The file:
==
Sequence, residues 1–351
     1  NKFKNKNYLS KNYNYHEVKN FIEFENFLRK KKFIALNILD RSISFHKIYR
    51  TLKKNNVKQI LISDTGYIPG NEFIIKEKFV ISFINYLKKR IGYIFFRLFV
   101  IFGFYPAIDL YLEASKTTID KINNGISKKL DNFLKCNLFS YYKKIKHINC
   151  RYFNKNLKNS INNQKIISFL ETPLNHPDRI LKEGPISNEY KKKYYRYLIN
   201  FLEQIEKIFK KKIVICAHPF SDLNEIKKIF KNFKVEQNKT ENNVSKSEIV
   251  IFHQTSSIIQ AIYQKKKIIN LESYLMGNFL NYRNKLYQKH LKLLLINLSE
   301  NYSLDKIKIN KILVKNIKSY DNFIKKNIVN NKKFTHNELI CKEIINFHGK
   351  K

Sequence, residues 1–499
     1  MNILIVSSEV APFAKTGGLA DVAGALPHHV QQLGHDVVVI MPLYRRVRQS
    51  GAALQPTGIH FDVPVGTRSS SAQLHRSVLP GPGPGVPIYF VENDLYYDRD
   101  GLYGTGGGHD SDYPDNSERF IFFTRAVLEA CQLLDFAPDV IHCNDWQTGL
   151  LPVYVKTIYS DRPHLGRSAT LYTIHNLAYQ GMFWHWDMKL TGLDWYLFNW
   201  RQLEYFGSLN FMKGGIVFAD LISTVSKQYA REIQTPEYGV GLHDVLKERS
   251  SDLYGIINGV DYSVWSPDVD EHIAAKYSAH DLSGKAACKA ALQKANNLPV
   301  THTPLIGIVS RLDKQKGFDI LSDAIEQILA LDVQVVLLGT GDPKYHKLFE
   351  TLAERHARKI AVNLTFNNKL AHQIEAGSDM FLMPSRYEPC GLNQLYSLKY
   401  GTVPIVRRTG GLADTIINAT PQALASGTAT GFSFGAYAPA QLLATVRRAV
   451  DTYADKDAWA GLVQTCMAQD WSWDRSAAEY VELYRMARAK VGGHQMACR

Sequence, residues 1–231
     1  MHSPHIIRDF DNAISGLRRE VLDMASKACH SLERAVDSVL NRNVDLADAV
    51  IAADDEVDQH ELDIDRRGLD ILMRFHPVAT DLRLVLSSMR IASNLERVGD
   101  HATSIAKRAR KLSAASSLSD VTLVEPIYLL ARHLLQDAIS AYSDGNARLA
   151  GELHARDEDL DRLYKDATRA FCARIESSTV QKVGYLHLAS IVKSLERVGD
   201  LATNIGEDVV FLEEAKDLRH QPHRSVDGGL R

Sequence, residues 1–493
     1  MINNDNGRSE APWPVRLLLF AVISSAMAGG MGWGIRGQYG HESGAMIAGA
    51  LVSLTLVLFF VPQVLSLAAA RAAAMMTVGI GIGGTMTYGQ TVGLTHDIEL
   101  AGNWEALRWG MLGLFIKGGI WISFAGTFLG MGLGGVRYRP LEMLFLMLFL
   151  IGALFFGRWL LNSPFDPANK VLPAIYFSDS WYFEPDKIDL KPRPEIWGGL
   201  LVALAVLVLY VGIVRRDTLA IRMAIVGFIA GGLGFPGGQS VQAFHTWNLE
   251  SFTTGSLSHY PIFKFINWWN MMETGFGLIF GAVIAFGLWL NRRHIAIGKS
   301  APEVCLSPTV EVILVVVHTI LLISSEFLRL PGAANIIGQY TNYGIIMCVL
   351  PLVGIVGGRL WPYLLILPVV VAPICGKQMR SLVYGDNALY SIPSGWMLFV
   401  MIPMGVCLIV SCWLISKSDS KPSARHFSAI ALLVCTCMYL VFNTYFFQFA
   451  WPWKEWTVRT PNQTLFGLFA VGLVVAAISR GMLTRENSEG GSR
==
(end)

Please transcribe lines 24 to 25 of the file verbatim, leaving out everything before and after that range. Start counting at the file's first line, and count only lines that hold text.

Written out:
   101  HATSIAKRAR KLSAASSLSD VTLVEPIYLL ARHLLQDAIS AYSDGNARLA
   151  GELHARDEDL DRLYKDATRA FCARIESSTV QKVGYLHLAS IVKSLERVGD